In recent years staff has had a general policy that as property is redeveloped,3 any existing billboards that are on the site are removed within five years of the approval of the development. The City Plan Commission has affirmed that position several times, specifically in the last several months . . . . Staff believes as part of the approval process for a pawn shop that this development be held to the same standard as other developments within other areas of the City.

Curry Investment opposed any condition that required removal of the signs. Ultimately, the BZA approved the special use permit subject to  conditions, including removal of the outdoor advertising signs. Curry Investment and MLB requested a rehearing. The BZA held a hearing on the request for rehearing, and the BZA thereafter denied a rehearing.

Curry appealed the BZA decision to circuit court, which found that the BZA’s decision to require removal of the two outdoor advertising signs for special use permit approval for the pawnshop was not supported by substantial and competent evidence, was unrelated to any impact generated by the pawnshop use at the property, and exceeded the BZA’s authority. The BZA then filed a notice of appeal to the Missouri court of appeals.

The BZA contended that its authority to require removal of nonconforming signs as a condition for a special use permit comes from its mandate to determine if a proposed special use complies with the standards of the Code, whether it is in the interest of the public convenience and will not have a significant adverse impact on the general welfare of the neighborhood or community, and whether it is compatible with the character of the surrounding area in terms of building scale and project design. The Court of Appeals disagreed.  The record reflected that the BZA staff examined all of the special use criteria set forth in the zoning code and concluded that “all of these criteria are met with the proposed application.” Therefore, the staff found the proposed pawn shop, in its proposed location: 1) to be in compliance with the standards of the Code, 2) to be in the interest of public convenience and to not have a significant adverse impact on the general welfare of the neighborhood or community, 3) to be compatible with the character of the surrounding area in terms of site planning and building scale and project design, 4) to be compatible with the character of the surrounding area in terms of operating characteristics, such as hours of operation, outdoor lighting, noise, and traffic generation, and 5) to not have a significant adverse impact on pedestrian safety or comfort. “While the BZA now contends otherwise on appeal, nothing in the record suggests that removal of the nonconforming outdoor advertising signs was related to any of the special use criteria set forth in the Code. To the contrary, the BZA staff stated that all of the special use criteria were met, but that sign removal was recommended based on a ‘general’ staff policy that as property is redeveloped, the removal of existing billboards is required….Once it was determined that the criteria for the special use permit were met, it was unreasonable to require removal of the nonconforming signs as a special use permit condition. While the BZA may want to foster a general policy that, as property is redeveloped, any existing billboards on a site are removed, where the BZA has proven no relation to sign removal with the special use criteria set forth in the zoning code, this policy is in contradiction to [the protection of] nonconforming signs.”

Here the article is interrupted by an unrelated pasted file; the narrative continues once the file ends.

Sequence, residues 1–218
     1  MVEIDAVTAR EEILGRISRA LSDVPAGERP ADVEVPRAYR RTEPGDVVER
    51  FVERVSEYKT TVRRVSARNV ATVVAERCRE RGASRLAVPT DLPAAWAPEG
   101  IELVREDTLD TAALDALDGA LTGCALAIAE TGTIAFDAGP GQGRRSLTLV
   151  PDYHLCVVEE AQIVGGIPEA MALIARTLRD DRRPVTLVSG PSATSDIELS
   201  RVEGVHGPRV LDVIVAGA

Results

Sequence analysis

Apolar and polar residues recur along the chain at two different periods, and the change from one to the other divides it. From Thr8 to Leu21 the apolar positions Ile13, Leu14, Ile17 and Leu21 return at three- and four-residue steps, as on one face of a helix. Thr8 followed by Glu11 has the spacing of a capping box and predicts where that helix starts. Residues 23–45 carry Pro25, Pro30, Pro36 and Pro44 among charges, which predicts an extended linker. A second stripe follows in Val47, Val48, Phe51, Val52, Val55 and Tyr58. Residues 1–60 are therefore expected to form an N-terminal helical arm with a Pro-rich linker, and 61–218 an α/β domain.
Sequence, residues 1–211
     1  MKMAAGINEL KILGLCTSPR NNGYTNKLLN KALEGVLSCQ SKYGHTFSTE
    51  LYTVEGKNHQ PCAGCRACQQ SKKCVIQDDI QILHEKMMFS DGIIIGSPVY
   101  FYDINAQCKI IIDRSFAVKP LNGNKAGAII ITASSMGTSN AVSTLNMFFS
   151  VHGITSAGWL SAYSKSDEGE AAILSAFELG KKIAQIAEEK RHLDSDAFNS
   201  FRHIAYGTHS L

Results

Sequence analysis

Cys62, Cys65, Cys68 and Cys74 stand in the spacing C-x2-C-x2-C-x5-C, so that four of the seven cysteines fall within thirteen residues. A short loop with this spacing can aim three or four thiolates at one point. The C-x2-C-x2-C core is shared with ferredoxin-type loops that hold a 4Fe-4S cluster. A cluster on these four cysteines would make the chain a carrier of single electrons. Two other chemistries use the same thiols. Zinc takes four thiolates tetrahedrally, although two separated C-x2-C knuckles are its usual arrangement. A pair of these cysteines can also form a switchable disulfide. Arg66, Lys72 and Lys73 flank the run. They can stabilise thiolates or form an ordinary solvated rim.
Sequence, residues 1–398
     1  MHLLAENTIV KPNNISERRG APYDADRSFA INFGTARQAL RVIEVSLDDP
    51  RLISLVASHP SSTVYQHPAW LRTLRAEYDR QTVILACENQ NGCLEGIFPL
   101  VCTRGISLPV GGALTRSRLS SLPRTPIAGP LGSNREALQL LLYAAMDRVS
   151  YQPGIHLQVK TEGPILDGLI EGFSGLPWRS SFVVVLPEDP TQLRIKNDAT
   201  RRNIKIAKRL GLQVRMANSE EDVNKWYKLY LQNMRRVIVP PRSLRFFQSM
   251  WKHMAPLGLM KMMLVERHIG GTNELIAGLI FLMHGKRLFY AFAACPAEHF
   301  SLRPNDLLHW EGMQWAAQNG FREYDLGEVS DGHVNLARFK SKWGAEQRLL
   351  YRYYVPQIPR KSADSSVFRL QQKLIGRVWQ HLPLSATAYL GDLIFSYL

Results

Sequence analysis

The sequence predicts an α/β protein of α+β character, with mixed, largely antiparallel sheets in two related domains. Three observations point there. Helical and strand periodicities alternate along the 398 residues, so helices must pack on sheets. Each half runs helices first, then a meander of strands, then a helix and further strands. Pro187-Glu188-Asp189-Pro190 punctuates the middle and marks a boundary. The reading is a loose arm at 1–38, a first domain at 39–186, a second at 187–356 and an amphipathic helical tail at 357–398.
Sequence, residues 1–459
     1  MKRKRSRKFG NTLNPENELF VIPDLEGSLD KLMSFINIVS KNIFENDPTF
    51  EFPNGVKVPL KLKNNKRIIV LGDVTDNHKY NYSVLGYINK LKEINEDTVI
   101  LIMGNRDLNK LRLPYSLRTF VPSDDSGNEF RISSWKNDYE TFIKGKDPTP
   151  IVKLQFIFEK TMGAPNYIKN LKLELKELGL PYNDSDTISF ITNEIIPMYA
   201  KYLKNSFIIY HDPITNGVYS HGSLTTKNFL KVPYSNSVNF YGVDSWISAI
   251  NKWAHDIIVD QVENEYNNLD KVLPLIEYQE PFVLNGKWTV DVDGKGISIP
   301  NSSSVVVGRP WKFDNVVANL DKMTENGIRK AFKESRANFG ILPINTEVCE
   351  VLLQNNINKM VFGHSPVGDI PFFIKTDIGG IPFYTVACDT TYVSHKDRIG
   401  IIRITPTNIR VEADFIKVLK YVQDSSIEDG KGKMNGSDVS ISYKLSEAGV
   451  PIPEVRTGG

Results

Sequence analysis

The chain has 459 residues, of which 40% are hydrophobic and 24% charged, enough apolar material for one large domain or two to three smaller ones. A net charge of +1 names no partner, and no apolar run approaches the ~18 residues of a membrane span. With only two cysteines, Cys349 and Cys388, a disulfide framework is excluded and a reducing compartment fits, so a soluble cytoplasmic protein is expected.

E-mail from planning department staff member after building permit issued was not an “appealable decision” regarding the permit

by Gary Taylor

BT Residential, LLC v. Board of Zoning Adjustment of the City of Kansas City
(Missouri Court of Appeals, December 4, 2012)